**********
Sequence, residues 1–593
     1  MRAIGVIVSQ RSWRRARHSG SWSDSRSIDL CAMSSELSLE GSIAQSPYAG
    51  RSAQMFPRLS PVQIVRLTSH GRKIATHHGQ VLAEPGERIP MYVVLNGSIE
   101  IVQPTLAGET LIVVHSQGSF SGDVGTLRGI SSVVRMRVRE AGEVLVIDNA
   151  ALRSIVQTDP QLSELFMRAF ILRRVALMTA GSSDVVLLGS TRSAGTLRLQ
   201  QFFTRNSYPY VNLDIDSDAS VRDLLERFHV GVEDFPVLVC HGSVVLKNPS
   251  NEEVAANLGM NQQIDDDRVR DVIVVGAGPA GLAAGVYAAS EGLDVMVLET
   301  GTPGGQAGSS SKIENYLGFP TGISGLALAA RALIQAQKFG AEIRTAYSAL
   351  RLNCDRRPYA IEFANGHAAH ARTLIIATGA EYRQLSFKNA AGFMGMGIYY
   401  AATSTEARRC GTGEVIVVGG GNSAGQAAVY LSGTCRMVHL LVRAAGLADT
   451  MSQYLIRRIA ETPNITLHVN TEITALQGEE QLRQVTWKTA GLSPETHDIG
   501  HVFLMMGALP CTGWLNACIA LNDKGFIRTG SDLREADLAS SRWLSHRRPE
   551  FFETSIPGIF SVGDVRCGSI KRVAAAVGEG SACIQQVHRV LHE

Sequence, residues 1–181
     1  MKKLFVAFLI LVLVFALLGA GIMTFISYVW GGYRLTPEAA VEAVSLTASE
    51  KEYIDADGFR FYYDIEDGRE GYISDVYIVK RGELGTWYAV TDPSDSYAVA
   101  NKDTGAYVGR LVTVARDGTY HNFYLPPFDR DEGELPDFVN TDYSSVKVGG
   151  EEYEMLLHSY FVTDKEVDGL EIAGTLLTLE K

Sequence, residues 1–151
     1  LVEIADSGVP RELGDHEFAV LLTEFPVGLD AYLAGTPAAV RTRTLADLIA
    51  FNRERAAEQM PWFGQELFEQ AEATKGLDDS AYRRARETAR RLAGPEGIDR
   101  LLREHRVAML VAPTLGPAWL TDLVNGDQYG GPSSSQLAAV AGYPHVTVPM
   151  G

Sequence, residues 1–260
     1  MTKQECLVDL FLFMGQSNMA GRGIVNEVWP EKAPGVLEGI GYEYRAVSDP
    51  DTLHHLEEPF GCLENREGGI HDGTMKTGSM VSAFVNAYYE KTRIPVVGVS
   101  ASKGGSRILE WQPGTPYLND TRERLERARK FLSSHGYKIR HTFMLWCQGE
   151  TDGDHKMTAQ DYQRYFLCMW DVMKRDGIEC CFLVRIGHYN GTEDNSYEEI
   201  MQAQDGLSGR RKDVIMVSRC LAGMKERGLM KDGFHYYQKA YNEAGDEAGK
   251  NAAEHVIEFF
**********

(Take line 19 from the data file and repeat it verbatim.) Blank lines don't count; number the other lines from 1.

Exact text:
Sequence, residues 1–151